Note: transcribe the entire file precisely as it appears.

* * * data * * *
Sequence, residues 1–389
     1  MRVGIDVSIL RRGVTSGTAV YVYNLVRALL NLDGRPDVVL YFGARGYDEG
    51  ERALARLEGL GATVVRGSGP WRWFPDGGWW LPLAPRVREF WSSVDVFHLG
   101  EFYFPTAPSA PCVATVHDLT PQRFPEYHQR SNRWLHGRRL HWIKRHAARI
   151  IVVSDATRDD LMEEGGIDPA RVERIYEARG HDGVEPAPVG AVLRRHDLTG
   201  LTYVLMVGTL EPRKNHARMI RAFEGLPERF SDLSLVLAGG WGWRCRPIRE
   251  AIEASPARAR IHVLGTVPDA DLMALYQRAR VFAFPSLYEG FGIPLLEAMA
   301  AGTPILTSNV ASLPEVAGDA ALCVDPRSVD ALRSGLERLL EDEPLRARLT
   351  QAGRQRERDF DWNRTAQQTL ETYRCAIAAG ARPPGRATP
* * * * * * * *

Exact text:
Sequence, residues 1–389
     1  MRVGIDVSIL RRGVTSGTAV YVYNLVRALL NLDGRPDVVL YFGARGYDEG
    51  ERALARLEGL GATVVRGSGP WRWFPDGGWW LPLAPRVREF WSSVDVFHLG
   101  EFYFPTAPSA PCVATVHDLT PQRFPEYHQR SNRWLHGRRL HWIKRHAARI
   151  IVVSDATRDD LMEEGGIDPA RVERIYEARG HDGVEPAPVG AVLRRHDLTG
   201  LTYVLMVGTL EPRKNHARMI RAFEGLPERF SDLSLVLAGG WGWRCRPIRE
   251  AIEASPARAR IHVLGTVPDA DLMALYQRAR VFAFPSLYEG FGIPLLEAMA
   301  AGTPILTSNV ASLPEVAGDA ALCVDPRSVD ALRSGLERLL EDEPLRARLT
   351  QAGRQRERDF DWNRTAQQTL ETYRCAIAAG ARPPGRATP